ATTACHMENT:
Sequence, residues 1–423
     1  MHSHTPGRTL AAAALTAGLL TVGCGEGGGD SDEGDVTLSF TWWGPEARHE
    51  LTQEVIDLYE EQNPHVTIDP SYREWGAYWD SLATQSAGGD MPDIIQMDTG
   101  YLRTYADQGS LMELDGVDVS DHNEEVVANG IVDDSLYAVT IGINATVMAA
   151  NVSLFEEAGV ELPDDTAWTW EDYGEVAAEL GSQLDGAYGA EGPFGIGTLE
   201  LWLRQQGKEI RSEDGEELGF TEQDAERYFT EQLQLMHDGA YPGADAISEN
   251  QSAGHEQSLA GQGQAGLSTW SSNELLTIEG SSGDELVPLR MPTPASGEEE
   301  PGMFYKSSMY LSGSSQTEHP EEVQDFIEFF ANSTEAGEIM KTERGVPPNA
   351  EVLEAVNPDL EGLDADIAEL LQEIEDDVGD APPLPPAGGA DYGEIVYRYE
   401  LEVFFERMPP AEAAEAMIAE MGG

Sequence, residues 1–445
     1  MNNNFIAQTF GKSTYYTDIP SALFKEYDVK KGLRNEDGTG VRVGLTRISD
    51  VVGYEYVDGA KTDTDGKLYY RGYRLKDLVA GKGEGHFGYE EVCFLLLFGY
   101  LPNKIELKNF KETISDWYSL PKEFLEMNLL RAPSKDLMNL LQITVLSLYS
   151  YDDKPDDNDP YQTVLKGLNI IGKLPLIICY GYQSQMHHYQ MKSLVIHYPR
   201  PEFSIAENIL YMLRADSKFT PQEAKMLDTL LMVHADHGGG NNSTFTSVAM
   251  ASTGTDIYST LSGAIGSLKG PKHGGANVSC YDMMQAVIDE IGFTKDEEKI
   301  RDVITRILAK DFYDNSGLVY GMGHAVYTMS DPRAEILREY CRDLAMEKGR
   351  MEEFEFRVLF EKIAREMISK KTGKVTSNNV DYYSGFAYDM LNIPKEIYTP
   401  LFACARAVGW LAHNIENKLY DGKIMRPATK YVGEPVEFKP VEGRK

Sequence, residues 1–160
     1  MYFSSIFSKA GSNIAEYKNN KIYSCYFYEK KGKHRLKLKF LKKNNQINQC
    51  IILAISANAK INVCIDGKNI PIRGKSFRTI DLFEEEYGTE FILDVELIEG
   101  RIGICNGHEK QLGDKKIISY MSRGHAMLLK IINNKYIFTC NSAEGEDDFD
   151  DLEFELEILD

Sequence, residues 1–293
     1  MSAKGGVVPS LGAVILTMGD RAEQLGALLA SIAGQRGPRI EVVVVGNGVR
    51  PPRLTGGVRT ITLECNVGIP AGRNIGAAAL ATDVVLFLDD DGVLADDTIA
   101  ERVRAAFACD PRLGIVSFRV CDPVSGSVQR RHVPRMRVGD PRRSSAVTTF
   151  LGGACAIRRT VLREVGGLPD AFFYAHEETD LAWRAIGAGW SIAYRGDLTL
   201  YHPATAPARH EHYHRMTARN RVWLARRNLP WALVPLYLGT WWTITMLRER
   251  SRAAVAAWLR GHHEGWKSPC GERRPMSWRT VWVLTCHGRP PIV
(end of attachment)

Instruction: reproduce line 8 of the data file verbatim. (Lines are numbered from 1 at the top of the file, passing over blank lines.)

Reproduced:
   301  PGMFYKSSMY LSGSSQTEHP EEVQDFIEFF ANSTEAGEIM KTERGVPPNA